As these superforecasters continued to show superior performance over the years, Tetlock worked to evaluate how they did it. The result is this book. Making predictions about world affairs is different from making predictions about ag markets. Yet many of the guidelines seem applicable. They include making frequent revisions as new information accumulates and making small updates rather than large ones. These principles could boost our own forecasts.

The fact people can become better forecasters is a paradigm shift, given the record of public pundits. Teasing out how to do it is a feat of political science and statistical brilliance. 


By Nate Birt

Drought Doubts Persist in California, Beyond 

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Snowfall this winter will be a key factor in determining whether California’s drought remains exceptional in its severity or eases up, the state’s water resources department reports. In early January, extreme drought conditions remained confined to the western quarter of the country, the U.S. Drought Monitor shows.

“Clearly, this is much better that it was last year at this time, but we haven’t had the full effect of the El Niño yet,” says Frank Gehrke, chief of the California Cooperative Snow Surveys Program. Meanwhile, short-term drought conditions have cropped up in Midwestern locations such as west-central Indiana, southern Michigan and northeast Ohio.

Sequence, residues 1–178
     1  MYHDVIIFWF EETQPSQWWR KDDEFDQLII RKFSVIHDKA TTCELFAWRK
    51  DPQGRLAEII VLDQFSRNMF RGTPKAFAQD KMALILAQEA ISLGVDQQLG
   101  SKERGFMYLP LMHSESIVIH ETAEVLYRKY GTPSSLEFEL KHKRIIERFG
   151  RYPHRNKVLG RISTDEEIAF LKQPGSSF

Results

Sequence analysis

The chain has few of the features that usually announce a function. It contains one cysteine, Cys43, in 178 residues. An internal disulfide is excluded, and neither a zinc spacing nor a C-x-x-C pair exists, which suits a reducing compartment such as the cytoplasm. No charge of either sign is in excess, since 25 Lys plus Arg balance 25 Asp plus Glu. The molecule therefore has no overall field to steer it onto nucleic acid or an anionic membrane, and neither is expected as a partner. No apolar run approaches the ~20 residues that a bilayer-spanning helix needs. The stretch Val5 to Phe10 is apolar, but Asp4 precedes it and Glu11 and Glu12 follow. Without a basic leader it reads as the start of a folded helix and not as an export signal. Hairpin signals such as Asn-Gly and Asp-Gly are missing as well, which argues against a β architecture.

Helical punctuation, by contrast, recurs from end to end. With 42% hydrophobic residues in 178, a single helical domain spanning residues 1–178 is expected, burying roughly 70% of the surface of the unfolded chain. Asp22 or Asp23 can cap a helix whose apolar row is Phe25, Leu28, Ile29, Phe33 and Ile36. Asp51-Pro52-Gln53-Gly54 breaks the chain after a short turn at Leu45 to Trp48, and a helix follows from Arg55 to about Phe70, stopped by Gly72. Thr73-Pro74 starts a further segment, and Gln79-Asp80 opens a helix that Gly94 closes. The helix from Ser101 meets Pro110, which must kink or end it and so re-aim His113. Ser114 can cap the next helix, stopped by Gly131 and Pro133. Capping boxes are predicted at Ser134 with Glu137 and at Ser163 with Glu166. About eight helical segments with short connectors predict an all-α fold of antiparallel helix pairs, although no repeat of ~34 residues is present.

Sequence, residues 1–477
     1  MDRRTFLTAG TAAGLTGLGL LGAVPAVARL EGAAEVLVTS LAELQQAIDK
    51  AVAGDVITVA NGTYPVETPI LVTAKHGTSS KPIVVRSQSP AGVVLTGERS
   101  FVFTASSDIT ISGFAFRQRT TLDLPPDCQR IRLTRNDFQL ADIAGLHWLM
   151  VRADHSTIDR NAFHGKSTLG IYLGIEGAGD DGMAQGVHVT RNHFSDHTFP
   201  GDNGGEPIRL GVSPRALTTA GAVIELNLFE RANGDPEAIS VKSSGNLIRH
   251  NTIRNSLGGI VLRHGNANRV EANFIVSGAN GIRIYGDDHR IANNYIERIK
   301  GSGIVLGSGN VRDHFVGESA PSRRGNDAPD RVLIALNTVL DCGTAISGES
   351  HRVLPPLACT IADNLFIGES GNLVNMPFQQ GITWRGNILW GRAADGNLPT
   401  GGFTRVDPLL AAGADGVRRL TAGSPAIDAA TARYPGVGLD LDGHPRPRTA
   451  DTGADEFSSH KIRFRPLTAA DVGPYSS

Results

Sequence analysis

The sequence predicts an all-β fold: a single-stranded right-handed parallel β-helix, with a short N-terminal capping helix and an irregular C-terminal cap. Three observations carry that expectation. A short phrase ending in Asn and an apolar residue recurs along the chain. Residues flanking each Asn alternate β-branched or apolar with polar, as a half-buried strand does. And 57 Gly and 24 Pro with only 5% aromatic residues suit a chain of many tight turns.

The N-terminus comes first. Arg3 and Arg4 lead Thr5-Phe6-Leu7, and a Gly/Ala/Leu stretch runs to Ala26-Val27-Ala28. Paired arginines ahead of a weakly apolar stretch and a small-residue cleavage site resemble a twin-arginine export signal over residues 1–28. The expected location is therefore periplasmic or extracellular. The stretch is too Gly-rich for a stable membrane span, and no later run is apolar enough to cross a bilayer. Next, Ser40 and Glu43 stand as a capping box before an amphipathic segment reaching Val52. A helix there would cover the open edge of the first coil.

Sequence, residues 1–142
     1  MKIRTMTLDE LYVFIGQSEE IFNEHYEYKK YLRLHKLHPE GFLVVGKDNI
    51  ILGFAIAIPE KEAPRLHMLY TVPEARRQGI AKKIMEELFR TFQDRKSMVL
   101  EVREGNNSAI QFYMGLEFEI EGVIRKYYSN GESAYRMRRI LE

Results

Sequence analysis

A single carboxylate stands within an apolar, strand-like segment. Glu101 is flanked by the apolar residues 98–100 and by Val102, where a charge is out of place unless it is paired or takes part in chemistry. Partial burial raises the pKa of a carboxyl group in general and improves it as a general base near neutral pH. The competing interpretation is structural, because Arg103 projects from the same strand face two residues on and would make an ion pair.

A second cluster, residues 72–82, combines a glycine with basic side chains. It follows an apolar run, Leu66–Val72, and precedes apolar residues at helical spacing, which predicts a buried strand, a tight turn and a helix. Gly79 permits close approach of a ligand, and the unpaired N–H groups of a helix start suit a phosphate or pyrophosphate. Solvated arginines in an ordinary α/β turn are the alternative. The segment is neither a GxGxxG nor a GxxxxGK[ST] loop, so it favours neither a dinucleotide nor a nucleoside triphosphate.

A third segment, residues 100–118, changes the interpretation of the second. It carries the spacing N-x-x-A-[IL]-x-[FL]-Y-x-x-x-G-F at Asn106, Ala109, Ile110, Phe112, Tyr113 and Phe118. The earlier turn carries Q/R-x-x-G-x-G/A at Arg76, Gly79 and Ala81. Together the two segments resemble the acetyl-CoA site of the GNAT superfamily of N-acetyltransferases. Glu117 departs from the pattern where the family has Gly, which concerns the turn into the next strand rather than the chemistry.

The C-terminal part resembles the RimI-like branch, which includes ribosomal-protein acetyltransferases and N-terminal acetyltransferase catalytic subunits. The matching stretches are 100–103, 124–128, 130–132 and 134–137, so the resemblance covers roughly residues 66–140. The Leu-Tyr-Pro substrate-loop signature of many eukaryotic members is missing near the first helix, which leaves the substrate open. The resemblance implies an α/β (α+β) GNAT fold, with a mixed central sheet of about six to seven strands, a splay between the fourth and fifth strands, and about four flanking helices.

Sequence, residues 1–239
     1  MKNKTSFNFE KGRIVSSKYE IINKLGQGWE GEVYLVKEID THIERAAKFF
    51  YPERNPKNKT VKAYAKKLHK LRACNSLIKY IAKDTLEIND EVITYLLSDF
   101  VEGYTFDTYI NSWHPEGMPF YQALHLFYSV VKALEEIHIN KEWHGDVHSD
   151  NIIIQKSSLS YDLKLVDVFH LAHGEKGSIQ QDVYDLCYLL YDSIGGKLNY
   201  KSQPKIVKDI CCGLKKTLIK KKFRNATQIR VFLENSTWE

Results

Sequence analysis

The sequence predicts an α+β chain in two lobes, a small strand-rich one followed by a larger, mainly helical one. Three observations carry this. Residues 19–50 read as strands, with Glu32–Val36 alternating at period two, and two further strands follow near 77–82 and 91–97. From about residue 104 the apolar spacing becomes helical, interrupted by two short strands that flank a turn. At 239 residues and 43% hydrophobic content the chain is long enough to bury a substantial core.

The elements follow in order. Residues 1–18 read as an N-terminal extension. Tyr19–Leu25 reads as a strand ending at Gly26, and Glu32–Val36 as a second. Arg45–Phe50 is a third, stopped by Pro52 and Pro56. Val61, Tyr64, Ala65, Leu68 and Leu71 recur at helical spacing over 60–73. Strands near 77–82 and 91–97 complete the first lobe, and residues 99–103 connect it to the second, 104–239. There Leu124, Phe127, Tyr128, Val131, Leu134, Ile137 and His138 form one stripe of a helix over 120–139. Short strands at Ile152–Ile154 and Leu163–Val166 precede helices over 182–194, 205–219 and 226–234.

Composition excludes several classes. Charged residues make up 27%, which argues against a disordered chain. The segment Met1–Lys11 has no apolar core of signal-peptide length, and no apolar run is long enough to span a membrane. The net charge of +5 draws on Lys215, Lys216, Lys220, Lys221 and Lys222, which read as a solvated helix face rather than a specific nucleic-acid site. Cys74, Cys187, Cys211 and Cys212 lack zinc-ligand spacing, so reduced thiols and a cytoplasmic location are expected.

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Recommended App: Audio Memos Free

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For those with iPhones and iPads, the Audio Memos Free app is a great tool to have at the ready for conferences, meetings and interviews. The app acts like a virtual tape recorder. Simply click the plus symbol in the top left-hand corner to create a new file, give it a title and begin recording by clicking the “Record” text in red at the bottom of the screen. Click the button to end the recording and then view a collection of previous audio files on the home screen.


By the Numbers: National Pulse

19%- Americans who report trusting the federal government all or most of the time, approaching 50-year lows

75.3M- Millennials in the U.S., its largest demographic, surpassing Baby Boomers

59M- Immigrants to America in the past 50 years